The firm revealed in its 2020 Full Year Results announcement that its businesses in Zone Asia, Oceania and sub-Saharan Africa (AOA) had seen overall organic growth of just 0.5%, with sales decreasing by CHF 1.4bn (US$1.6bn) to CHF 20.7bn (US$23.1bn) in 2020, from CHF22.1bn (US$24.6bn) in 2019.
“Growth numbers in APAC were mostly impacted only by China, where we faced some specific issues such as our exceptionally high exposure in that market to the Out-Of-Home category which was severely hit by COVID-19, as well as Chinese consumers not stockpiling food supplies at home in contrast to what was seen in most other markets,” Nestle CFO Francois-Xavier Roger said in response to queries from FoodNavigator-Asia.
“There was also the issue of the timing of Chinese New Year occurring earlier than usual last year but later this year, meaning we did not pick up any of the usual boom in sales [for the financial year].
“Without China, the APAC region actually showed mid-single digit growth in 2020, with countries such as India, Malaysia, Thailand growing by a lot, some even by double digits. So we do expect that growth will go back to mid-single digits both in and out of China moving forward, and especially emerging markets will continue to grow strongly.”
Moving forward, Nestle CEO Mark Schneider said that plant-based products are expected to become a major driver of growth in APAC markets for the firm, and Nestle will also take pains to ensure that all products are localized according to local requirements.
“We are definitely very committed to the APAC markets and rolling out plant-based products in these markets – apart from the production plant and manufacturing investments which are already in place, we will also make sure to localize these products according to local requirements,” he told us.
“These products will be tailored according to local Asian needs and tastes as part of our local commitments, which means we will not just be copy and pasting what we have done in other markets over to Asia.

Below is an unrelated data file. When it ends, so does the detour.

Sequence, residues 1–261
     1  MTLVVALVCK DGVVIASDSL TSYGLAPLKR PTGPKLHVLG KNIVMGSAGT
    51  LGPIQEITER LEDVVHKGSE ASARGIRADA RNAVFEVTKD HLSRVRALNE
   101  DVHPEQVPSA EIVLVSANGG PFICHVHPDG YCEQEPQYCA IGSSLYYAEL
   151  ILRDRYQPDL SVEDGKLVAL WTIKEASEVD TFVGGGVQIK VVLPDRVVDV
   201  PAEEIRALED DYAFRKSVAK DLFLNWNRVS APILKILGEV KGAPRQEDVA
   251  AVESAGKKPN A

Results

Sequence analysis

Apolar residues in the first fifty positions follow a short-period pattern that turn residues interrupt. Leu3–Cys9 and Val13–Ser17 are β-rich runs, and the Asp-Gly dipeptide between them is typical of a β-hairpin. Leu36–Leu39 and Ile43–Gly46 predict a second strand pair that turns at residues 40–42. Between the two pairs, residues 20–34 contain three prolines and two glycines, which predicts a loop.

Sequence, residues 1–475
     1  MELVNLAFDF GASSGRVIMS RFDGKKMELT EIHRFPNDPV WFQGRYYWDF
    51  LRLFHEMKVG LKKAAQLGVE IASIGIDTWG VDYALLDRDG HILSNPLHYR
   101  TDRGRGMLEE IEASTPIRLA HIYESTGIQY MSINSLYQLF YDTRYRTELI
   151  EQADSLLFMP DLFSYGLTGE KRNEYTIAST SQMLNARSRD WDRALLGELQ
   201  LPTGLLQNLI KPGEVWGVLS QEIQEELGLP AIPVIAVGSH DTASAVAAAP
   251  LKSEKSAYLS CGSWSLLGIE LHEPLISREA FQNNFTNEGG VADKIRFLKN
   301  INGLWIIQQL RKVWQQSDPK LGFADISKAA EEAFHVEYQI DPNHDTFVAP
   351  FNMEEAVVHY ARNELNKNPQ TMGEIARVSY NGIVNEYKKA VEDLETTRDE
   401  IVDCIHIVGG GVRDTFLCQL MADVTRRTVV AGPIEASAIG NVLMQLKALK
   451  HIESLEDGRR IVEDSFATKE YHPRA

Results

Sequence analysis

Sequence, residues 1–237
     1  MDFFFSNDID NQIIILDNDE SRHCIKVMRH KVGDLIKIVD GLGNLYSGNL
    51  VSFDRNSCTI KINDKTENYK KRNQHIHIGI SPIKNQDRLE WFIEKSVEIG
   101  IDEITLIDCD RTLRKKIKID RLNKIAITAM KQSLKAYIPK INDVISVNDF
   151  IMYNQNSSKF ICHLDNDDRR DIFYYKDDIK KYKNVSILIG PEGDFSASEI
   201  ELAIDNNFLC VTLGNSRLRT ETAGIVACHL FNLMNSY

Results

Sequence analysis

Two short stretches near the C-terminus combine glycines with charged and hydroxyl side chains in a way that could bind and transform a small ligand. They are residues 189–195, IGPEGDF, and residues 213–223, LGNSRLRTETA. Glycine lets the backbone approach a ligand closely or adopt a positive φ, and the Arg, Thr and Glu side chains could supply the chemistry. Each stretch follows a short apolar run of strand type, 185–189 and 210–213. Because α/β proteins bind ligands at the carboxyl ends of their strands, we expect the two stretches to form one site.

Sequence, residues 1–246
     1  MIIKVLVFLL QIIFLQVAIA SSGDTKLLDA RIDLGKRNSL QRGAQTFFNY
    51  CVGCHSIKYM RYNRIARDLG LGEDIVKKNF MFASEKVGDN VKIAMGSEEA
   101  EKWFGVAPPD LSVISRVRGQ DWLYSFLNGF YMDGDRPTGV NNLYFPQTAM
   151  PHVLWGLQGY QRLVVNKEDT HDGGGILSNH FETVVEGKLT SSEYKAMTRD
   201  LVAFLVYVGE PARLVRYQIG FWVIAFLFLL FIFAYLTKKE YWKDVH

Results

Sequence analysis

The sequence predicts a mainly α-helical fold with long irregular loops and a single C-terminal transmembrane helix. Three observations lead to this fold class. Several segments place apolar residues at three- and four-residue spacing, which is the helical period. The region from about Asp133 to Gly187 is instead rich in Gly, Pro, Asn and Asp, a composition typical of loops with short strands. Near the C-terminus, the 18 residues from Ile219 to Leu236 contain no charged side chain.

“There is a global effort on the way [pertaining to plant-based] and the APAC region is to us a very important part of that, just as important as our other markets such as Europe and the US [which also have plant-based products available].”
Nestle currently has two plant-based production plans in the Asia Pacific region, one in China which opened in December 2020, and another in Malaysia – read more about specific plans for plant-based production for the region in this exclusive interview with Nestle Malaysia CEO Juan Aranols here.
Nestle uses a great deal of dairy in its supply chains for various products, so iIn addition to pushing for plant-based production, the firm is also looking for ways to make milk production more climate friendly.
“In countries [where we source our milk] like New Zealand and China which are both very traditional dairy markets, we are working to make dairy more sustainable and are committed to advancing state of the art technology to do this,” Schneider said.
“We are seeing some significant progress, and especially in China we have a Dairy Farming Institute in the northern part of the country [where] we have been quietly contributing and helped thousands of smallholder farmers ramp up and modernize their farms with training and technology.
“Agriculture accounts for nearly two-thirds of Nestlé’s total greenhouse gas emissions - dairy and livestock makes up about half of that, [yet] milk is an excellent source of nutrients and one of our key raw materials [so] significantly reducing the carbon footprint of dairy is therefore a must.”
The firm also has plans to establich nine new net zero pilot farms globally this year, to learn and roll out best practices across dairy farms.
Nestle highlighted overall key growth platforms for 2020 as e-commerce (accounting for 12.8% of sales), premium products (30%) and affordable offerings (8%). For emerging markets in Asia though, the latter undoubtedly was a key factor for growth.
“Although premiumisation is a key component of our portfolio transformation, [we also see the importance of] affordable products, particularly when it comes to dairy and food,” said Roger.
“Examples of these affordable products include Bear Brand Milk in the Philippines, which showed increased consumer demand [in 2020] and led sales growth at a high single-digit rate.”
Organic sales growth of Nestle’s affordable products to over 8.1% in 2020, almost double the 4.3% seen in 2019.
Schneider also reinforced the company’s pledge to continue its work in the confectionery and chocolates space whilst simultaneously improving these from a nutritional point-of-view.
“It is very clear that these categories are there for enjoyment – we do not intend to only make products aiming to advance health, but also provide products that can give consumers enjoyment whilst simultaneously making sure to provide these with better nutritionals,” he said.
“There is a lot of innovation going on in this space, [and] we definitely still see big opportunities here.”